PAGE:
Nutrition-wise blog

Another look at meat and cancer risk

By Katherine Zeratsky, R.D., L.D. October 30, 2015

In terms of weight loss, research shows that many types of diets, including low-carb and high-protein diets, can produce results and even lower heart disease risk factors, such as cholesterol levels, in the short term.

But over time, adherence to these strict diets drops off, even for meat lovers on high-protein diets. The dieters eventually find they miss their fruits, veggies and grains. Perhaps for good reason, as data supports the benefits of a plant-based diet for improving long-term health by lowering both cancer and heart disease risk.

A report from the International Agency for Research on Cancer, the cancer agency of the World Health Organization, strengthened the argument for following a plant-based diet. Their review of over 800 studies concluded that processed meat is a carcinogen and red meat is probably a carcinogen. Carcinogens are compounds that cause cancer.

The report calculated that each 50-gram portion (less than 2 ounces) of processed meat eaten daily increases the risk of colorectal cancer by 18 percent. Previous studies have suggested the portion is smaller — less than 20 g a day. (The report did not provide a similar analysis for red meat.)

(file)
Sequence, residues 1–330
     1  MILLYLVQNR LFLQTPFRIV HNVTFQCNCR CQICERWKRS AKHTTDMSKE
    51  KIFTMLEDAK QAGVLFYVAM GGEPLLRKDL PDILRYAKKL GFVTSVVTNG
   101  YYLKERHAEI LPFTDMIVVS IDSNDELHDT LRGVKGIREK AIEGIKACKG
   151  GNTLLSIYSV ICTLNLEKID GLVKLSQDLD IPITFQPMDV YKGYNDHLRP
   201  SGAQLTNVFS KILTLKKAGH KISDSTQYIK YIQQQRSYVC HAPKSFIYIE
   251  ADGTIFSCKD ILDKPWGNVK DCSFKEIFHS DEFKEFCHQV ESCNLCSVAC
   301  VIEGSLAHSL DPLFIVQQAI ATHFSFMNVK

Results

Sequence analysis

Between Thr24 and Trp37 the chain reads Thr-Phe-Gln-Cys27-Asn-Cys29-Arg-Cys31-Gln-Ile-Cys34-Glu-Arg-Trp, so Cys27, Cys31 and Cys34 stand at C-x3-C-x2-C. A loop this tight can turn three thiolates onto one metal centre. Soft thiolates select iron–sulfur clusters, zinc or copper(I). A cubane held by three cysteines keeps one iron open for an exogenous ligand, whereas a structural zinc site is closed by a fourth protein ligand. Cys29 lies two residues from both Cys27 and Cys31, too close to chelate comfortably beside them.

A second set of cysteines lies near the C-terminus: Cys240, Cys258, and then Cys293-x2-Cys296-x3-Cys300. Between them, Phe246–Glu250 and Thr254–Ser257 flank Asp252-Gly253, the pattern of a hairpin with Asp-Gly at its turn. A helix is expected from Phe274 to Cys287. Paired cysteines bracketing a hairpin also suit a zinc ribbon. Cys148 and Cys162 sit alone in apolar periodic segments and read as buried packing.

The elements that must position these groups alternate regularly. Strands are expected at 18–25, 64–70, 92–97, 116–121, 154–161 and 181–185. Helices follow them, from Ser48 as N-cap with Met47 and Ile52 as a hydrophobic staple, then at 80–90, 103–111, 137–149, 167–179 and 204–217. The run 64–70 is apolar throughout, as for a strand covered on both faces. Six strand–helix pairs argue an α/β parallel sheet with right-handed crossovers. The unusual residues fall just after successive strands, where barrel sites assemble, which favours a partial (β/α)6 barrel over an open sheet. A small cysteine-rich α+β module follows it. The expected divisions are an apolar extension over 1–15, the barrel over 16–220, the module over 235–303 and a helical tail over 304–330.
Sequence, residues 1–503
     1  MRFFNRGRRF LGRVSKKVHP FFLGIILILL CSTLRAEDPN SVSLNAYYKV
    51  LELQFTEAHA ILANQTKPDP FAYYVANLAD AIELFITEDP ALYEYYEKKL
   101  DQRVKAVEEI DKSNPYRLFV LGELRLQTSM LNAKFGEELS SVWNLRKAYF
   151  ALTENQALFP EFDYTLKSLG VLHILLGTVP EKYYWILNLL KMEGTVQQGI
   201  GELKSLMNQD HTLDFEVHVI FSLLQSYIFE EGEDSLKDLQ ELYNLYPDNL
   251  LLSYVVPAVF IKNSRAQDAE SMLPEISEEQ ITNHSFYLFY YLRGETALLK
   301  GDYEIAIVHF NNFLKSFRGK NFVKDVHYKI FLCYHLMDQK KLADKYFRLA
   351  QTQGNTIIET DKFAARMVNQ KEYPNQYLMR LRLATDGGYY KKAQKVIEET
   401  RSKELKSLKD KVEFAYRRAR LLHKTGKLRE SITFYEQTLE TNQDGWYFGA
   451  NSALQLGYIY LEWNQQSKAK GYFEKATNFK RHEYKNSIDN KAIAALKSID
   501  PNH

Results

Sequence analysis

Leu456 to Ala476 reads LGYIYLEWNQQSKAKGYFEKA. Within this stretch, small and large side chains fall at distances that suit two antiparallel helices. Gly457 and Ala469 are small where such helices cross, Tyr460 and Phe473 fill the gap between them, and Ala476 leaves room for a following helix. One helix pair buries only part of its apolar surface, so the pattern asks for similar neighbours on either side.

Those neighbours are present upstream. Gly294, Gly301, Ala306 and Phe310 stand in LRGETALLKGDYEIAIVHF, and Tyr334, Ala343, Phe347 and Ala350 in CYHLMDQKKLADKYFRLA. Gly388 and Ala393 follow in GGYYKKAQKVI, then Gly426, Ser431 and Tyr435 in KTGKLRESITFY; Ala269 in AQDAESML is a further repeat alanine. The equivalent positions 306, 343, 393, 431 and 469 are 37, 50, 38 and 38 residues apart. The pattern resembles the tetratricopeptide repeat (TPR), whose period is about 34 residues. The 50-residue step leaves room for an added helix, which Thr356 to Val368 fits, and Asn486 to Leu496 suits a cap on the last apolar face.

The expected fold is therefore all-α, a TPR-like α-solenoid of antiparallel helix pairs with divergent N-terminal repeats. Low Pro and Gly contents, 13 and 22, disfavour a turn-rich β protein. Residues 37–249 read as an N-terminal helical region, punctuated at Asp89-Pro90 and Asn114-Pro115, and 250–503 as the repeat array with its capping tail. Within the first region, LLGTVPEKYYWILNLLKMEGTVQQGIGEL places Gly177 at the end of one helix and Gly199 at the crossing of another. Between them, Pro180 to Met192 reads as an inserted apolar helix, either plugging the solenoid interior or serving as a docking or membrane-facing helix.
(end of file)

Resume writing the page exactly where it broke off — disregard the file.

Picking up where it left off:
What does 20 g of processed meat look like? More specifically, what does this mean for you and your Saturday morning breakfast or favorite deli sandwich? A cooked slice of bacon is 8 to 16 g. An average slice of salami is 9 to 12 g, and a thin round of pepperoni is about 2 g.

You may not be ready to give up meat yet, though, and that's okay. In small amounts, meat may be beneficial for health. Meat is an important source of nutrients, such as protein, iron, zinc and several B vitamins.

If you eat meat, keep these tips in mind for your health:

  • Go lean. Choose leaner cuts and trim any visible fat.
  • Cook, don't char. Cook meat to safe temperatures to prevent foodborne illness. But avoid high temperatures and don't char the meat — both can produce carcinogens.
  • Practice moderation. Think of meat as a flavorful accent rather than the main focus of meals. Emphasize vegetables and whole grains, and limit meat to a few ounces once or twice a day.
  • Expand your proteins. Many foods other than meat provide protein — beans, lentils, dairy, soy, eggs, fish and nuts.

To your health,

Originally published April 17, 2013. Updated October 30, 2015.

Oct. 30, 2015